It started well walking up from the carpark down in the modern part of town through the stone streets up to the main piazza. Art installations have been hung across between the tall buildings & tourists and locals  eat ice creams, drink coffee, studybuildings, visit churches and a few enter the very classy & rather expensive antique & jewellery shops.

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The first sign that something special is going on are the flags that are hanging from the  buildings all the way up and all the locals are wearing different scarves or have flags draped around their shoulders. At the top off the old town this guy is waiting down a narrow side street with a group of horses and the piazza can just be seen with a suggestion of something special taking place.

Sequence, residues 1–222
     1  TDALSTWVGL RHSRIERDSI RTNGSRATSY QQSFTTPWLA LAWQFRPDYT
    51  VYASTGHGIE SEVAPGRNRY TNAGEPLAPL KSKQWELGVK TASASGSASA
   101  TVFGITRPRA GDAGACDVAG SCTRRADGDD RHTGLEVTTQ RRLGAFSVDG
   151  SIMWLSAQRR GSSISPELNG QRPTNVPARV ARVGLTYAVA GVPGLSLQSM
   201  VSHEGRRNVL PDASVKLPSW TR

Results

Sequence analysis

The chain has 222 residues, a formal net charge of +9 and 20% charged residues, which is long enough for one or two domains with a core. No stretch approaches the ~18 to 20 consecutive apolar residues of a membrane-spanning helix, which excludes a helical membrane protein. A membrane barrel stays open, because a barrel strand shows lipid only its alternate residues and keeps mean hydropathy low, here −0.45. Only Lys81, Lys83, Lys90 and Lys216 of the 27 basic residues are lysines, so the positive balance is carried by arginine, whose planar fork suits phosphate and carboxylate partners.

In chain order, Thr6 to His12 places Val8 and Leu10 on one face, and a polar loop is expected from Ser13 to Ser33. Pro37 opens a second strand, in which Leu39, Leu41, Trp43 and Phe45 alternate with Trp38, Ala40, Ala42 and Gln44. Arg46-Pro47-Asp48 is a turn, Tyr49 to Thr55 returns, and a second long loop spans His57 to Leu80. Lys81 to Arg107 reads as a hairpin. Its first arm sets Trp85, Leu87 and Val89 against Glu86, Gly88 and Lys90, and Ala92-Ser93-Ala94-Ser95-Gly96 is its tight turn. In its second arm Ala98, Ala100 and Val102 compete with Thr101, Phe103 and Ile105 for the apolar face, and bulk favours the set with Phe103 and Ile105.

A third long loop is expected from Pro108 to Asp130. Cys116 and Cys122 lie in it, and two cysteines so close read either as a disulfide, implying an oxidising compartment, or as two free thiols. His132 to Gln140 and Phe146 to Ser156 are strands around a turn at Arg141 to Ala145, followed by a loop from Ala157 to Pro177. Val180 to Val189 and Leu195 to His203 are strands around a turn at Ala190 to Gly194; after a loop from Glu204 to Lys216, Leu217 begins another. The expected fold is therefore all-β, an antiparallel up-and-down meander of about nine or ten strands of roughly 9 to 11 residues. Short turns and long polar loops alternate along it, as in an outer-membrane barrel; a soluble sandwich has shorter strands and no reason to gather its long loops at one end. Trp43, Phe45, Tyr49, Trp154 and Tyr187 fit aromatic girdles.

The full splendour of the event unfolds – practice for the annual jousting competition which takes place between different quartets of the city (hence the colours & flags).

Enjoy the images and feel the atmosphere.

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Spectators support their teams, applauding each successful pass/hit of the target; the riders avoid the swinging wooden balls as in mediaeval times; others enjoy the bars while they wait for their practice session; shopkeepers wait for the action the be over to get a bit of trade; photographers capture the events for local media.






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Finally, as the sun sets and plays chasing patterns with the clouds, the day is tapped off with wine & pasta.


A flavour of Perugia

Perugia is anothet hill-town with a mediaeval centre. Narrow, dark streets spread down the hill from the main piazzas with an almost Dickension feel as tall tenament terraces reach up to the shy and compete with each other & bell towers & spires for the available light.